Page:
The most important question is why do we need low pressures? If you recall kinetic theory of gases, there is a concept of mean free path. This quantity roughly tells us the distance a particle would travel before colliding with another particle. If you want the electrons to travel from one end to the other, you need to provide a large mean free path to them. How can one obtain that? Simply by removing "matter" from the cathode ray tube. Practically this is achieved by vacuum pumps. Although nobody gives importance to vacuum pumps, it was this technology which allowed great progress in the field of cathode ray experiments and hence understanding matter.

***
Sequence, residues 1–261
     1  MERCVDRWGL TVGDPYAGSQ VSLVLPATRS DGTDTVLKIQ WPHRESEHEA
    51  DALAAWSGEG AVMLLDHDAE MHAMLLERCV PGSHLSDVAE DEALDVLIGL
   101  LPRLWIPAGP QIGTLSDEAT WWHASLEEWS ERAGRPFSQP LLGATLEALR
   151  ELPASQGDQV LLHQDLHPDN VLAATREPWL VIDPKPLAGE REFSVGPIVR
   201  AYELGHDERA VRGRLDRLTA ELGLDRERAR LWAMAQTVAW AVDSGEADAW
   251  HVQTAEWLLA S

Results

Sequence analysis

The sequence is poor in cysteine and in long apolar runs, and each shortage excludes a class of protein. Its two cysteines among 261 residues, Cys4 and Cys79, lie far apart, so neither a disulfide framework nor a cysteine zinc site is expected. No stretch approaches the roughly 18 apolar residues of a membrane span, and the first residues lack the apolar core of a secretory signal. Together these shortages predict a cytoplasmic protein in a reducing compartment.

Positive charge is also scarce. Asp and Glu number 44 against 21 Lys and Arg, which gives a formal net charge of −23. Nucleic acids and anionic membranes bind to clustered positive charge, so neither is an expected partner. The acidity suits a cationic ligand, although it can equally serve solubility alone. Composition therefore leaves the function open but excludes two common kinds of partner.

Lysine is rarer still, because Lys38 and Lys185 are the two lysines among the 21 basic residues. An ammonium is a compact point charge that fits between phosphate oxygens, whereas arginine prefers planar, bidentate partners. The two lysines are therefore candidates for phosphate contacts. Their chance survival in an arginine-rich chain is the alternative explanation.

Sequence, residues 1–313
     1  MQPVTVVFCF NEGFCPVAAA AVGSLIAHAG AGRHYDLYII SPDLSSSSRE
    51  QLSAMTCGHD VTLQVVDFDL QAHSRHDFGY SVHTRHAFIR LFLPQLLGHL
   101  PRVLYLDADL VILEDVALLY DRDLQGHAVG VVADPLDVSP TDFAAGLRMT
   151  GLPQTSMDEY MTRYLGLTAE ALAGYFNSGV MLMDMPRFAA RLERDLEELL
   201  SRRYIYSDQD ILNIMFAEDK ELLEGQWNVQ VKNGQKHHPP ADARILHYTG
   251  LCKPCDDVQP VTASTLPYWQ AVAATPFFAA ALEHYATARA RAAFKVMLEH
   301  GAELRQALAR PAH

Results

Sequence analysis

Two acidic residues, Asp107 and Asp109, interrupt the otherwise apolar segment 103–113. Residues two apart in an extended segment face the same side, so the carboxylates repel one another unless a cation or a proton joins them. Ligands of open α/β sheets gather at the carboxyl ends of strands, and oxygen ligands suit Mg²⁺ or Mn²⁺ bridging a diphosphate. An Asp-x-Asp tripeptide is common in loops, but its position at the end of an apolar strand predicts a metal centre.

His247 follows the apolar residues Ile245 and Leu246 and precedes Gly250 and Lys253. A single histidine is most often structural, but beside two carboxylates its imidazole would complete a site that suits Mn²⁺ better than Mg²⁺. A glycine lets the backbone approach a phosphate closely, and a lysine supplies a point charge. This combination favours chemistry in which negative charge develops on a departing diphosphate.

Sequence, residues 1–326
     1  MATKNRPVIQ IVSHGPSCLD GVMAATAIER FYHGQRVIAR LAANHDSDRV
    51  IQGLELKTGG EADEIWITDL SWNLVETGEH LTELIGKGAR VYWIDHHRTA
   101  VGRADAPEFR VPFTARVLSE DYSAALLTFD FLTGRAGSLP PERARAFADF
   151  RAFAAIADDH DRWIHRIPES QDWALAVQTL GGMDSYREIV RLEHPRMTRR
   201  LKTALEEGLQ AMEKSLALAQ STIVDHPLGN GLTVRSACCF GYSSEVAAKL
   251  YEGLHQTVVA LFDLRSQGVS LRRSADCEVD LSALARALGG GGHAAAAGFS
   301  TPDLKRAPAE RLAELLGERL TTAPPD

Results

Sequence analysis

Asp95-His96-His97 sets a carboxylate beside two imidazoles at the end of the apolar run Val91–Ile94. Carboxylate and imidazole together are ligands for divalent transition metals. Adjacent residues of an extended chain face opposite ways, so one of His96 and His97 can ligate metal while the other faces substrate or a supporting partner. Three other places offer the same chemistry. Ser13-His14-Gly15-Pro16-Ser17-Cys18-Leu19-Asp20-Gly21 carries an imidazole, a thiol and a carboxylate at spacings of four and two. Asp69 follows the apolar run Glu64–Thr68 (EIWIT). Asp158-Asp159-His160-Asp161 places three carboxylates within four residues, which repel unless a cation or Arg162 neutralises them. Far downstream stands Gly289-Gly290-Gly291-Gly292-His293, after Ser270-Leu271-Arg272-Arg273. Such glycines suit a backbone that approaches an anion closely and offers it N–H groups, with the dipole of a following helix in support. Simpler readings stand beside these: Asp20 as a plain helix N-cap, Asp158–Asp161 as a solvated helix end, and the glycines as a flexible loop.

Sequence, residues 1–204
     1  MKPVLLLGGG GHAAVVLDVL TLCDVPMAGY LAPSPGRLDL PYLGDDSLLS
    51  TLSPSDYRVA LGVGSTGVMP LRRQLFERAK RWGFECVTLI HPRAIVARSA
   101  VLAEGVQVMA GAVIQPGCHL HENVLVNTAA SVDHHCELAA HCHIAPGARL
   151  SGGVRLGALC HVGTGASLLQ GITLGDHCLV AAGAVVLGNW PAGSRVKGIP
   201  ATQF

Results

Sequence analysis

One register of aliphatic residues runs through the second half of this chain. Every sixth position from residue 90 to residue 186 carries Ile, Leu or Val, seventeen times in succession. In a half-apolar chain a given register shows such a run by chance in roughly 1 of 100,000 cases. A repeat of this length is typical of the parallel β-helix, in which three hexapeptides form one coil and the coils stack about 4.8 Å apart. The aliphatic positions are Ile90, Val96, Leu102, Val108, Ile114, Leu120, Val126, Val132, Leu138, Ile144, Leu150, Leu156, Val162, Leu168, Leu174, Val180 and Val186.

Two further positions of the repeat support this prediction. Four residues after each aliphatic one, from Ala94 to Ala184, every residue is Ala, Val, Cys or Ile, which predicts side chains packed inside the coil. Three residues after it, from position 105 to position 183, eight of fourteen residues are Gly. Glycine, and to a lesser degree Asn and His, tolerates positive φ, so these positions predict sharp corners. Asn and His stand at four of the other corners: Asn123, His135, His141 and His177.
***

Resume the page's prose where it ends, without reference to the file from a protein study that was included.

Now, the "glow" phenomenon is rather a spectroscopic problem. Electron don't glow green/pink etc, it is the matter which starts to glow when it interacts with electron. The glow can originate from several sources such as recombination phenomenon, fluorescence of the glass, a fluorescent zinc sulfide screen placed inside, or even Xrays. When the pressures are moderate, other phenomena like which you quote as striations, appear. This arises from accelerated electrons exciting the gas particles and then losing energy (dark space). This video explains some of it. Cathode ray striations. However it is not a trivial phenomena. It took ages to understand it.
The observation of striations indicate that there is enough gas (low vacuum) in the discharge tube.